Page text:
Princeton's Men’s Swimming and Diving Season Has Been Suspended After the Discovery of Offensive Team Emails

Thursday night in an announcement on the school’s website, Princeton University officials notified the community that the men’s swimming and diving team and its related activities have been suspended “pending a decision about the remainder of the team’s schedule.” The suspension was due to the discovery of racist and misogynistic messages on the team’s listserv, as well as “several materials” that were also objectionable. The messages have not been made public.

This news comes after the men’s soccer team at Harvard had its season canceled in November after a debasing, misogynistic “scouting report” on female soccer recruits was exposed. Last month, in a similar case, the Columbia men’s wrestling team was faced with an investigation for a group chat for the senior members of the team that was filled with sexist, racist and homophobic texts.

According to The New York Times, the fate of the rest of the team’s season will be determined over deliberations “in the next few days.” The team has two meets left in the new year, one against the Naval Academy team and one against Harvard and Yale. The Ivy League Championships are also to be held in late February.

Along with further investigation, Princeton has stated that penalties for the team will include efforts to teach the members of the swimming and diving team, presumably about the severity of their words and action. The team will also have to do some "positive culture building," whatever that means.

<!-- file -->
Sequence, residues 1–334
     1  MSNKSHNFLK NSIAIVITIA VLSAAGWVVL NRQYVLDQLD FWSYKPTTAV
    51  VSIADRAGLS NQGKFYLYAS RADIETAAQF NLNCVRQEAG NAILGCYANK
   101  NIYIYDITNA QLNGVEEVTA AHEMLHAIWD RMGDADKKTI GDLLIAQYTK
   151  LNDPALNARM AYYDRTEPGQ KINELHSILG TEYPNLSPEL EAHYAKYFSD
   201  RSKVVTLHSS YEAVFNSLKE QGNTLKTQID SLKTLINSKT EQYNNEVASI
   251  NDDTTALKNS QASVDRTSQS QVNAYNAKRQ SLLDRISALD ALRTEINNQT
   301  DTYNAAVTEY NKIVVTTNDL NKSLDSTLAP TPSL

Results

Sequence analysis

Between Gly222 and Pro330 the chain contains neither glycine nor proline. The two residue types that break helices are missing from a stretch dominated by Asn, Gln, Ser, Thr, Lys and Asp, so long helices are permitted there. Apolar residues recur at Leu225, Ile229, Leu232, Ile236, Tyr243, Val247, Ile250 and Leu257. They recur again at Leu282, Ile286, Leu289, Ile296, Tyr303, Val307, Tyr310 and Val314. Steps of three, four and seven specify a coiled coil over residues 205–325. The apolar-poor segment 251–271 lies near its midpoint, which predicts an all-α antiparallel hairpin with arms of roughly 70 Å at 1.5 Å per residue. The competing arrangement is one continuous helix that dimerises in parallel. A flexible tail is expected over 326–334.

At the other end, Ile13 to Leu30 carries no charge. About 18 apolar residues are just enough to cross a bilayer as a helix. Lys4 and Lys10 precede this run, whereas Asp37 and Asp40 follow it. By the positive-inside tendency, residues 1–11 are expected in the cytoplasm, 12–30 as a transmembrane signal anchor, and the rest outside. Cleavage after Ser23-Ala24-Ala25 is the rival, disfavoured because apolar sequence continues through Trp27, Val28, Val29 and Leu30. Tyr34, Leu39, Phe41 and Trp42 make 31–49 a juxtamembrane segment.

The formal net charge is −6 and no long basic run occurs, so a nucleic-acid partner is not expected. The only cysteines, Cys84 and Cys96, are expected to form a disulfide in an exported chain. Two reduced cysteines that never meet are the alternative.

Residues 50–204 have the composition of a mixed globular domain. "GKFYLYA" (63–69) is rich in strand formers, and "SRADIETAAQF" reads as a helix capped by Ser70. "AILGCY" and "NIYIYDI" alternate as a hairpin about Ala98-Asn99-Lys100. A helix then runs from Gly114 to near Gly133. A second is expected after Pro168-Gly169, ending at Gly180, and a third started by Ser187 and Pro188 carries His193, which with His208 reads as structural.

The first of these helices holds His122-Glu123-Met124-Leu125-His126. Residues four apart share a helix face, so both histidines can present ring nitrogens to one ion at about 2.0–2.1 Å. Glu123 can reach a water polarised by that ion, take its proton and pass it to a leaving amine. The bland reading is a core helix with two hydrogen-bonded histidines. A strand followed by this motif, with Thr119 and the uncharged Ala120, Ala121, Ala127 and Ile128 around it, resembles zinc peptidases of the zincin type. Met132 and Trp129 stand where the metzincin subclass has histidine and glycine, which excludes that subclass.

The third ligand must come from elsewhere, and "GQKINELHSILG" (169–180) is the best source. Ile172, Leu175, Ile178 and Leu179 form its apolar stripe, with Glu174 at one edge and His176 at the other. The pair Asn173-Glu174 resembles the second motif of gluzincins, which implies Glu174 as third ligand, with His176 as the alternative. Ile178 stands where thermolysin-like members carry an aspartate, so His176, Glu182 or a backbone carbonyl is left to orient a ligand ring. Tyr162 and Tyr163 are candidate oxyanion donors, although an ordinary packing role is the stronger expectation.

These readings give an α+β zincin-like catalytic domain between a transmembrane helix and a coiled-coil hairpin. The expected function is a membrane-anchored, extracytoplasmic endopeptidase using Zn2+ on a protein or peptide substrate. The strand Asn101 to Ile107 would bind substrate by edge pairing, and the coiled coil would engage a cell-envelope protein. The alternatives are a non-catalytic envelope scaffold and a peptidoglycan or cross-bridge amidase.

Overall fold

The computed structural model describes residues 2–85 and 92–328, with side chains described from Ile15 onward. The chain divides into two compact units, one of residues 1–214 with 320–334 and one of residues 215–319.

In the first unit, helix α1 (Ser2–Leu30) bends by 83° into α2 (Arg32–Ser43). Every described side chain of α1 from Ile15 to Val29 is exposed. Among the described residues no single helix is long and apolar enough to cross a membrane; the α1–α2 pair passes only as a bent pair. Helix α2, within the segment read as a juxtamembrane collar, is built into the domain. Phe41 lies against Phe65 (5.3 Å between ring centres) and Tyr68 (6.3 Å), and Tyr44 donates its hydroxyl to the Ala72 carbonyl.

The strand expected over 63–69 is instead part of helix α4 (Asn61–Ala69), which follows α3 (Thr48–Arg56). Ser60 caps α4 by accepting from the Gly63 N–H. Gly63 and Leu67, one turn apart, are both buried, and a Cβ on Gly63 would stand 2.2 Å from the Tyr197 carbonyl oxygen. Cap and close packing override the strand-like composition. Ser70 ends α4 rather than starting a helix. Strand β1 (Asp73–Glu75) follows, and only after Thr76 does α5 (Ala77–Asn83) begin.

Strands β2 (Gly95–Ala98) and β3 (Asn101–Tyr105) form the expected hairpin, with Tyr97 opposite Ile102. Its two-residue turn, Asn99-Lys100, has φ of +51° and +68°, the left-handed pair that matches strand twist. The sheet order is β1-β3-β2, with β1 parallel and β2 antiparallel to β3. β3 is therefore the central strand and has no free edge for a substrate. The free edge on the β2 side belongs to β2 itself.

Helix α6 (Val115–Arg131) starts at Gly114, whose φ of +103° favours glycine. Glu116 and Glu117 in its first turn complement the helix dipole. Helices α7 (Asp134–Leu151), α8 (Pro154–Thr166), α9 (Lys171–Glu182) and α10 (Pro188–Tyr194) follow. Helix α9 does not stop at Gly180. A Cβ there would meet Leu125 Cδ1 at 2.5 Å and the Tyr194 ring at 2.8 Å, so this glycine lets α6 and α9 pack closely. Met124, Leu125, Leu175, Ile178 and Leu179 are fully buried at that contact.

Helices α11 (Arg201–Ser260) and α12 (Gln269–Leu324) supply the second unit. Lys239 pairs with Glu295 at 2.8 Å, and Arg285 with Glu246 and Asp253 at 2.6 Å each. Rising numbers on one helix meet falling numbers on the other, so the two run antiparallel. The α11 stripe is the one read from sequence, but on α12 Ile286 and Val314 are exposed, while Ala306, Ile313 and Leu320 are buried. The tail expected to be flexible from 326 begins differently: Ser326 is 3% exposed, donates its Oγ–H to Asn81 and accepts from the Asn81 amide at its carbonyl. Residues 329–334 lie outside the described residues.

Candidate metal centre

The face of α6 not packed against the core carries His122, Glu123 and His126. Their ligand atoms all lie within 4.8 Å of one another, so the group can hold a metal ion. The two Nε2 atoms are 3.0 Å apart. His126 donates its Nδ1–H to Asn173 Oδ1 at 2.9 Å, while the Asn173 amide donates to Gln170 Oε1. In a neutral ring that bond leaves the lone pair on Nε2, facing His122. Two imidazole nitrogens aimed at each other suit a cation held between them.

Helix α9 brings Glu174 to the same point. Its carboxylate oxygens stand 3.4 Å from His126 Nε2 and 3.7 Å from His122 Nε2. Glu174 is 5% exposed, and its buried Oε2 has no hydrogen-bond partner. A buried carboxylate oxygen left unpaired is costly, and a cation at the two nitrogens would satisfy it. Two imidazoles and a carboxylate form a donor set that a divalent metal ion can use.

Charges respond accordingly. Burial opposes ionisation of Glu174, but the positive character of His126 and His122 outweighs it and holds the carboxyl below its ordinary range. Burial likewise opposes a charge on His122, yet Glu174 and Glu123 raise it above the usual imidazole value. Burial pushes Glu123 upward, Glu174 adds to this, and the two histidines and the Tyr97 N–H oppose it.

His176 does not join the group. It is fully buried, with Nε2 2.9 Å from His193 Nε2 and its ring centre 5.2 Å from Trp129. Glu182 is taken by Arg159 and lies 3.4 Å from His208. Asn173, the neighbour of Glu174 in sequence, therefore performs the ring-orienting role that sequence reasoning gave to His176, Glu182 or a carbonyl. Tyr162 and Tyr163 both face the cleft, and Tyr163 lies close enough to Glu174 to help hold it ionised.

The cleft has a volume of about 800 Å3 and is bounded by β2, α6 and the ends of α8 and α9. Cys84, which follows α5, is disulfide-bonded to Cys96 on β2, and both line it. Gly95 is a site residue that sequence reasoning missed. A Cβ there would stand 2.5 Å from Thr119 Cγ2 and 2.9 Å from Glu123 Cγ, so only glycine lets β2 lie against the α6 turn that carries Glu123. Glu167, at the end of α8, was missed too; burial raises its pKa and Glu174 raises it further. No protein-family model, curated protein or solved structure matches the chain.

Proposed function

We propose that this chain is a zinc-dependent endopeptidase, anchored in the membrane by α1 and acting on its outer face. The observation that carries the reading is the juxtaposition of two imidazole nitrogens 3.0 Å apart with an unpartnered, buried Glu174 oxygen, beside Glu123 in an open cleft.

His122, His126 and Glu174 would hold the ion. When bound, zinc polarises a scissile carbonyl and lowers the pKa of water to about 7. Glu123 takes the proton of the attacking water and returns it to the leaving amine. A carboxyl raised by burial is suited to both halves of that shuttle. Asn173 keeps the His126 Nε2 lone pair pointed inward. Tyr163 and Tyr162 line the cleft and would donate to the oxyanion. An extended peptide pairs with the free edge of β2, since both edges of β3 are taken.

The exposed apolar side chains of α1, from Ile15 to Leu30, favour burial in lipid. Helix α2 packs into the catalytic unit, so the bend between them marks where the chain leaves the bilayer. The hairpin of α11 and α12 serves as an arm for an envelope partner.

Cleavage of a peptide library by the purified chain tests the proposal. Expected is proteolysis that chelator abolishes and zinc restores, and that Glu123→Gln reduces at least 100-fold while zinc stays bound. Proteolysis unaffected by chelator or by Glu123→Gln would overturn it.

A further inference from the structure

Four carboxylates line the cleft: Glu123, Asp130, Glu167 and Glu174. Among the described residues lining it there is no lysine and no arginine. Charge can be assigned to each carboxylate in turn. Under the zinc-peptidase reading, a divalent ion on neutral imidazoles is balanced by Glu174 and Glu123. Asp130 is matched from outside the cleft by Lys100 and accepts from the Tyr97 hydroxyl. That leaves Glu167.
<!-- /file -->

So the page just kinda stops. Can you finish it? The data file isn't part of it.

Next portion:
It seems as if the University administration has acted quickly, but it remains unclear whether that's because they want to save face, or because they genuinely care about the insidious cultural problems in collegiate athletics. “The behavior that awe have learned about is simply unacceptable,” said Director of Athletics Mollie Marcoux Samaan in the Princeton University statement. “It is antithetical to the values of our athletic program and of the University, and will not be tolerated.”

Samaan said, in addition, that programs exist at Princeton for athletics in particular to combat such behaviors and encourage a community of respect and integrity. “This program uses the bond between coaches and players to foster interactive dialogue and develop skills that promote healthy interpersonal relationships.”

While this is an admirable initiative, it’s likely that something more significant has to be put in place to end the patently offensive behavior from men's sports teams. This has got to stop.